Vox populi anything but Vox Dei

When Jesus went around speaking and doing miracles many gathered around him and his disciples. Some wanted to be part of those around Jesus and where happy to chant for him that he was praised.

Some or perhaps many of those who chanted at the gates of Jerusalem

Hosanna to the son of David: Blessed is he that cometh in the name of the Lord, Hosanna in the highest.

a few days later were perhaps crying with others to have him impaled.

They had expressed their delight and expectation.

Alas! how soon this gleam of sunlight gave place to black darkness. The day of palms was closely followed by the day of crucifixion. Thus fickle are the sons of men. “Vox populi” is anything but “Vox Dei.” {Spurgeon}

In the olden times, the Israelites were accustomed to use this cry,

“Blessed is he that cometh in the name of the Lord,”

when their heroes returned victorious from the battlefield. When they went up to the temple to give thanks publicly to God for victories over their enemies, they were met by the people, with this exclamation of joy,

“Blessed, is he that cometh in Jehovah’s name.”

Very unlike to the cries of other nations! Some nations only extolled the heroes, but the people of God see the hand of God, and they mark that the hero only comes in the name of the Lord, and while they give him blessings and wish him every good thing for what he has done, yet the praise is ascribed to the Master in whose name he comes — even Jehovah. {Spurgeon}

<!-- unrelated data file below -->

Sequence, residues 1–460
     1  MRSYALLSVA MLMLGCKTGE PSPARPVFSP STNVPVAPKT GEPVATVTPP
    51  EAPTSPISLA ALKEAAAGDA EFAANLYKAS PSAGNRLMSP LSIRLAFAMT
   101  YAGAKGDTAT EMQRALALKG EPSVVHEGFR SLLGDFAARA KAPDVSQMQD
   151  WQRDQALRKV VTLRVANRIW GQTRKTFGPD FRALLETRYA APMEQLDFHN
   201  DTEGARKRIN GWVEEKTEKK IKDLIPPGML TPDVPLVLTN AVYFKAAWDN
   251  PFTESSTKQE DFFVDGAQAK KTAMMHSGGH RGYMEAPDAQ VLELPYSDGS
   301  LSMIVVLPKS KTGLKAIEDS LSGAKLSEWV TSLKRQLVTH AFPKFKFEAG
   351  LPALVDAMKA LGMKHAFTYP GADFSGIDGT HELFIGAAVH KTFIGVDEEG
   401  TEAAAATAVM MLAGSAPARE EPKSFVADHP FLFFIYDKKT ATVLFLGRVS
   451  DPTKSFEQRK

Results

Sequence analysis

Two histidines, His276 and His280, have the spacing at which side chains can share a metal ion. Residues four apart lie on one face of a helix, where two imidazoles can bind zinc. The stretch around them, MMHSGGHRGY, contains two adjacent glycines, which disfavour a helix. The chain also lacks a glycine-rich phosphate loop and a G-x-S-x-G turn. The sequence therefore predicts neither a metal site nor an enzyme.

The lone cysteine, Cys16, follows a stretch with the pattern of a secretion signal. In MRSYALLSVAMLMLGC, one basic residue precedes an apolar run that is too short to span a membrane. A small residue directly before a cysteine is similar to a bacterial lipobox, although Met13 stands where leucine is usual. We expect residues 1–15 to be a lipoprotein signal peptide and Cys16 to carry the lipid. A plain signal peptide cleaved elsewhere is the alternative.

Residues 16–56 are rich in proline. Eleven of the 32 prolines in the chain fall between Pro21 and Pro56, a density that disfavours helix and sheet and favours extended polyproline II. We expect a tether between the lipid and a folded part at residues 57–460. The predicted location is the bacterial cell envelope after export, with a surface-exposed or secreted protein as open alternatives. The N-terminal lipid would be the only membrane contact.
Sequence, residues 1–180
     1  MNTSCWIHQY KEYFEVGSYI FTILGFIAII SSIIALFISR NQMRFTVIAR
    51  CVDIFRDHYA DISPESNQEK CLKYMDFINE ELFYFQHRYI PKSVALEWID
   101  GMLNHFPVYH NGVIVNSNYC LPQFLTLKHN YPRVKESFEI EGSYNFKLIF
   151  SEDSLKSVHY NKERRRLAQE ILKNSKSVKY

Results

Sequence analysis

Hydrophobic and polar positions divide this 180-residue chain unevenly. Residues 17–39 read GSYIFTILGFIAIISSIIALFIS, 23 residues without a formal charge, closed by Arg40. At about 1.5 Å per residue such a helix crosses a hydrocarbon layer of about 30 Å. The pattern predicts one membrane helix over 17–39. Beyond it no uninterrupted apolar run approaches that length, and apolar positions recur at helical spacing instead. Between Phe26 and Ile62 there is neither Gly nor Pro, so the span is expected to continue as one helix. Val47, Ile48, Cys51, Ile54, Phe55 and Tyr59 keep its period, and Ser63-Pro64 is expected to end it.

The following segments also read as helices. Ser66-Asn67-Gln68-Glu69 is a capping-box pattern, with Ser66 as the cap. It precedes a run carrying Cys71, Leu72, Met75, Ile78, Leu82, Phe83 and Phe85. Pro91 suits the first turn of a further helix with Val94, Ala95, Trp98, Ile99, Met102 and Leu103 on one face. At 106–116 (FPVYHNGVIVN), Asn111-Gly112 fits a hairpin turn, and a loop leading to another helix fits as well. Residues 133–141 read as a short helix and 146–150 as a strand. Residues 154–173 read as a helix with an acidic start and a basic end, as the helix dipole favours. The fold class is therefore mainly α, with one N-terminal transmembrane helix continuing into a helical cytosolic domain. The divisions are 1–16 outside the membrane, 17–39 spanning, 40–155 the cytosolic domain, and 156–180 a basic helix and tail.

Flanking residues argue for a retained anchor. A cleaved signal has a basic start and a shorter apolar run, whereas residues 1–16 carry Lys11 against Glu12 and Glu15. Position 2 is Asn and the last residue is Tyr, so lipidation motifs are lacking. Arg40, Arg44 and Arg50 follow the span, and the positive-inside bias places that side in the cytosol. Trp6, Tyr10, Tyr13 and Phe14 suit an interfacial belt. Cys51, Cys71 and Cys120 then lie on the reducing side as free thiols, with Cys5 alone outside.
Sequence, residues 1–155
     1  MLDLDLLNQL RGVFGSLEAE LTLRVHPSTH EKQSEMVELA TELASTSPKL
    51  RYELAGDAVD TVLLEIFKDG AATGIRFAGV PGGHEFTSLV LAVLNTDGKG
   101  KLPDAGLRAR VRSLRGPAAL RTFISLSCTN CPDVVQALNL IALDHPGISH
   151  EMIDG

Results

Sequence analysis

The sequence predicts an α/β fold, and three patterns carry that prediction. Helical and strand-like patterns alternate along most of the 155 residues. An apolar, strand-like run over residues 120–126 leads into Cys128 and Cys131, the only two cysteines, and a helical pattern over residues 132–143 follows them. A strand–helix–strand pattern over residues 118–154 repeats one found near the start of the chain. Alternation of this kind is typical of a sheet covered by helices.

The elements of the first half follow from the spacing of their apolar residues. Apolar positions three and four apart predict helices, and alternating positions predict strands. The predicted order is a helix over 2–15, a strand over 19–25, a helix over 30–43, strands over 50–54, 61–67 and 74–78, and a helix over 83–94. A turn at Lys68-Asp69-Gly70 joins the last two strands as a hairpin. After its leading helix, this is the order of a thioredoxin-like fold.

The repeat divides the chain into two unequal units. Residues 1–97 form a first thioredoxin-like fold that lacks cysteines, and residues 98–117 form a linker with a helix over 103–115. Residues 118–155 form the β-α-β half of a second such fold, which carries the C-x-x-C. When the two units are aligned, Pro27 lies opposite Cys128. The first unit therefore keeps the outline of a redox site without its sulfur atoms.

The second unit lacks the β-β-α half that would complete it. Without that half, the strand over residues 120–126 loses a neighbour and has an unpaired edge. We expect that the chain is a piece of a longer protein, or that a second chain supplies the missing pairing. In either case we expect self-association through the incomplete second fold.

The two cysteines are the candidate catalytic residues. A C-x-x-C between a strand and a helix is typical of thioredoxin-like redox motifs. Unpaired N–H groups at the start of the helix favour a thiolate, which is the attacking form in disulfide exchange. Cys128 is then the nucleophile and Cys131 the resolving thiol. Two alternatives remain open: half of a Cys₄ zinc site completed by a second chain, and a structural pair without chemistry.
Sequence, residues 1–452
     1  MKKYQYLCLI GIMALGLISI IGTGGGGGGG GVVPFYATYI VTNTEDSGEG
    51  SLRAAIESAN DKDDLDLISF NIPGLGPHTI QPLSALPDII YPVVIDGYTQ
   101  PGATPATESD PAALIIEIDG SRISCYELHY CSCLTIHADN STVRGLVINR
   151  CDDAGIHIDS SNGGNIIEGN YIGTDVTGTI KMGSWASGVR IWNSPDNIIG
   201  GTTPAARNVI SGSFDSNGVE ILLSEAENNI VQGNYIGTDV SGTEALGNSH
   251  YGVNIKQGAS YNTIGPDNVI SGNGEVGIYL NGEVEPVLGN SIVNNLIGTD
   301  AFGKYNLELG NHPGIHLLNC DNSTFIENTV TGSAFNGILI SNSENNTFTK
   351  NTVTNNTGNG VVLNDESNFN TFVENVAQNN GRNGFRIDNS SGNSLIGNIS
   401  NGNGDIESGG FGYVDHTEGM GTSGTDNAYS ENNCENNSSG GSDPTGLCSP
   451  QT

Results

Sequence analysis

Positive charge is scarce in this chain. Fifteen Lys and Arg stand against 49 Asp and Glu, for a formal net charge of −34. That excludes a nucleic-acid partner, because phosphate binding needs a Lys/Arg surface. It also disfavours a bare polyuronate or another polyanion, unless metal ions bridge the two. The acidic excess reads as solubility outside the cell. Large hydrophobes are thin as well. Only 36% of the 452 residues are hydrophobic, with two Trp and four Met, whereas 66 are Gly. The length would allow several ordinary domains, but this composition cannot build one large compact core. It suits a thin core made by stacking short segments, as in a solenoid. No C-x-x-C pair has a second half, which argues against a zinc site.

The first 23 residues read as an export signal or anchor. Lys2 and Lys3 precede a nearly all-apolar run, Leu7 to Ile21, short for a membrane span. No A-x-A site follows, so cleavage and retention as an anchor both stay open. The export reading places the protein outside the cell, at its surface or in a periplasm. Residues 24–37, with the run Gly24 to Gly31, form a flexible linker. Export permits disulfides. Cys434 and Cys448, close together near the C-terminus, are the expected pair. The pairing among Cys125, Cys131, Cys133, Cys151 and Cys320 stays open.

Now the people could see the Nazarene master teacher coming to the capital. He was looked at as a hero, even as a king. They seemed to be aware that this one who always claimed to be a sent one from God, was the

“Blessed … that cometh in the name of Jehovah.”

In a few days time the people present in Jerusalem for Passover had changed their mind and expressed their dislike for the one who had spoken about a coming Kingdom of God.

Also today we can find lots of people who do not want to accept Jesus for whom he is. They do not accept the words God Himself said about this man

“… “You are my Son, whom I love; with you I am well pleased.”” (Lu 3:22 NIV)

They refuse to accept Jesus as the son of God and have made him into their god, telling others he is “god the son”. Many made Jesus into their idol or “god son” instead of accepting that he is the sent one from god, they claim he would be God having come down to earth. They seem to ignore the writing in the Holy Scriptures

“But when the time had fully come, God sent his Son, born of a woman, born under law,” (Ga 4:4 NIV)

Instead of thanking God for sending his son, they worship that Nazarene man who always asked not to adore him but to worship his heavenly Father. Jesus even taught them how to pray (the Lord’s prayer).

God had given the people the time to get to know His sent one, who came to declare God’s Word and to bring the Good News of the coming Kingdom of God. He allowed Jesus to have an entry in His City as a king as an ‘advance mirroring’ or mirror image of the one who was going to return and to enter the capital of the Kingdom of God. Jesus is that king spoken of in the many prophecies.

But the majority of people want to adhere to people’s theories and stick to human traditions and festivals instead of keeping to the festival days God gave mankind. Like in Jesus time when lots of people wanted to please the Pharisees and wished to lick the feet of the Jerusalem administration, today lots of people prefer licking the feet of their religious institution. Most often they do everything to show others they are part of the “Vox populi”. Many are literally afraid to be looked at someone of the “Vox Dei,” the People of Jehovah. Several even go so far to become anti-Jehovah people.
One could consider them belonging to the many who like to shout with others, but do not dare to bring out their personal voice in public when they stand alone.

Let us make it clear we belong to Vox Dei, Jehovah’s people, and be real followers of the real Jesus Christ, the Messiah or anointed, the son of God, who gave his life for us all.